Rit Varriale, an emerging evangelical activist, says Christian beliefs are under attack in the United States after the Supreme Court's ruling legalizing gay marriage across the nation. He wants U.S. congregations to fly the Christian flag above American flags at their properties. His call to Christian churches went out over the Fourth of July holiday weekend, when most American communities were proudly waving the “Star and Stripes” to celebrate the nation’s independence from Britain.
"We’re not saying that this nation should be a theocracy, by any means," said Varriale, who pastors the Elizabeth Baptist Church in Shelby, North Carolina, in a phone interview this week. "What we are saying is that the government has been dealing with a [flawed] interpretation of the original concept to the separation of church and state. When you have the government shutting down the majority opinion of a [religious] community, that’s really dangerous."
Varriale’s protest comes as a number of Christian leaders across the nation have taken umbrage with the Supreme Court’s decision to legalize marriage for same-sex couples. Roughly 94 percent of evangelical Christians surveyed by the Christian polling firm Barna Group opposed the Court's ruling, as did 66 percent of practicing Christians as a whole. A poll released by the evangelical research firm LifeWay Research in April showed 66 percent of American evangelicals believe same-sex relationships go against God's will. That's down from 82 percent who held that view three years ago.
The United States remains largely a Christian nation, despite falling church attendance rates. The number of American adults who consider themselves Christian fell from 78 percent in 2007 to 71 percent in 2014, according to a survey by the Pew Research Center. The percentage who identify as atheist, agnostic or “nothing in particular” rose to 23 percent from 16 percent over the same time period.
The Supreme Court ruling came just as Varriale launched his "God Before Government" movement, but was not a direct response to the expansion of rights for lesbian, gay, bisexual and transgender Americans, he said. He and other hardline evangelical ministers have warned for years that the nation’s tradition of honoring religious observance is being eroded to accommodate Americans who object to expressions of religion in public and the right to conduct business in a way that honors religious beliefs. That some take offense to flying the Christian flag is baffling, Varriale said.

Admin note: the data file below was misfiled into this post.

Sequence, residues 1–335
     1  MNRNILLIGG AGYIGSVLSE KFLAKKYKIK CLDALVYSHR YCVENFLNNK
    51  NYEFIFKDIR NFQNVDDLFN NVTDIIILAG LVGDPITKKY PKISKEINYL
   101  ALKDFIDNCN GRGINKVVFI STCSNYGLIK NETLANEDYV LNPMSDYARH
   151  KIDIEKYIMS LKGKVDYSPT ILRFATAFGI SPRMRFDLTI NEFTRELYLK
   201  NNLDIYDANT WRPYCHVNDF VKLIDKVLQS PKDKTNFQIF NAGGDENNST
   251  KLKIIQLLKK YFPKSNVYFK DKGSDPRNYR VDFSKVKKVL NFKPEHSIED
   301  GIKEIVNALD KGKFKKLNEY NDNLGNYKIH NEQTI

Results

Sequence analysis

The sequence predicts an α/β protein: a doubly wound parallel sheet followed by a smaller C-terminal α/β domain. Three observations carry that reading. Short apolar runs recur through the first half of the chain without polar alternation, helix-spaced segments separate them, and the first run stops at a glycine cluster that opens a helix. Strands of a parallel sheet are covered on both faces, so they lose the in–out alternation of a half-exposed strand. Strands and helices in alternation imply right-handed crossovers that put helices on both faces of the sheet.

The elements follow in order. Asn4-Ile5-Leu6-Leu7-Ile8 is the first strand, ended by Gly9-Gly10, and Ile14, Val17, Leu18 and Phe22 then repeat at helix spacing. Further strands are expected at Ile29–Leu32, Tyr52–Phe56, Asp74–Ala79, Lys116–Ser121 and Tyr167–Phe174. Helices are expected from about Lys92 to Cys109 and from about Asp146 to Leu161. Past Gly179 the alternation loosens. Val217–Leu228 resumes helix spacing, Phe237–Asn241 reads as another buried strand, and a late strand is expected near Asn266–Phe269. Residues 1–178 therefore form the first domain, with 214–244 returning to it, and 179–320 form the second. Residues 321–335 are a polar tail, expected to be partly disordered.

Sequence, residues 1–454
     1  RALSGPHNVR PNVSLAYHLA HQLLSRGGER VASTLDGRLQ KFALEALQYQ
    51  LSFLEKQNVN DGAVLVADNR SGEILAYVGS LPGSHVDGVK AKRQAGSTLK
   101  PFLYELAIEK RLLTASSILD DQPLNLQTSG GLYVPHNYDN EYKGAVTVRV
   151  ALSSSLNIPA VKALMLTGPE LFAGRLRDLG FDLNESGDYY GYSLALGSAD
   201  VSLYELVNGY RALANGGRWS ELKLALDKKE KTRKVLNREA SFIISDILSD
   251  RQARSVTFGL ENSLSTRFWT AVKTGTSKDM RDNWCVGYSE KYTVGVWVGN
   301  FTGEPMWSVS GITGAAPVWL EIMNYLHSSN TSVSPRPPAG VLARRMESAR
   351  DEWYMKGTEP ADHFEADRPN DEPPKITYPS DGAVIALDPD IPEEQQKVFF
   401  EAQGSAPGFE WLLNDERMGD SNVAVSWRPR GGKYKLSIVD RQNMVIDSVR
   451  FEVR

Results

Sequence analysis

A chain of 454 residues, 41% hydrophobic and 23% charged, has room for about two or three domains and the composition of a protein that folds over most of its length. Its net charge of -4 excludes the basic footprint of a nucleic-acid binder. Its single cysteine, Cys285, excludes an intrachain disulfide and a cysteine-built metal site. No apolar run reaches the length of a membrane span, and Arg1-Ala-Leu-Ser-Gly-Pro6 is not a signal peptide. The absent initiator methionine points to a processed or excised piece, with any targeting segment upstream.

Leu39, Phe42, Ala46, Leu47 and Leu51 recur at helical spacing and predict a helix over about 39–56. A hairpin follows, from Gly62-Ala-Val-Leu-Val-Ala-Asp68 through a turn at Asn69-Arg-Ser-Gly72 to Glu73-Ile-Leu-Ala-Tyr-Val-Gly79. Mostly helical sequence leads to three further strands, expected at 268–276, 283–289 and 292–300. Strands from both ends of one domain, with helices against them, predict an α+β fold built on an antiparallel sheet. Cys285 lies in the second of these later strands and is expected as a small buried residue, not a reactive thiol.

"We’re not asking for this to be flown on government buildings or schools," he said. "People have the right to spit on [the American flag], walk on it and burn it, but then turn around and say we don’t love our country because of how we chose to fly ours."
So far, only a handful of churches in North Carolina have hoisted the Christian flag, which features a red Latin cross inside of a blue square, over a crisp white field. The banner, created in 1897 by Charles Overton, a church minister from Brooklyn, New York, represents a non-denominational devotion to Jesus Christ.
Since 2005, Varriale, 44, has been the pastor of Elizabeth Baptist Church, a congregation of just over 1,000 members. He served for four years as an officer in the U.S. Army before answering the call to ministry in the late 1990s. While he completed his education – earning masters and doctorate degrees in theology and ministry from Duke University and the Princeton Theological Seminary, respectively – he saw majority Christian communities forced to dismantle Nativity scenes at schools, new bans on praying before school board meetings and "In God We Trust" insignia stripped from municipal buildings.
"The very important sentiments of the majority of people are being trampled on," he said.
Varriale has rejected attempts by some opponents to label him as anti-gay. Flying the Christian flag, he said, is similar to the widely celebrated display of the rainbow flag among gay rights supporters.
In fact, Varriale said the Christian church could learn a lot from the LGBT community and its endurance in the fight for equal rights. "You have to give respect to them," Varriale said. "The LGBT community has sacrificed [and stood by its principles], which is why they are winning. And they should be. Golly, they're strong and that's what we [Christians] need to be doing."
The idea for flying the flag came from another local pastor in Shelby, Varriale acknowledged. Walter Wilson, pastor of Focus Missionary Baptist Church, started flying the Christian flag above the American flag at his church three months ago. "Really, it was a movement from God," Wilson said of his inspiration to change the flag orientation. "What God is trying to let us know is that he rules and reigns over all."
— Tina (@TinaBena77) July 8, 2015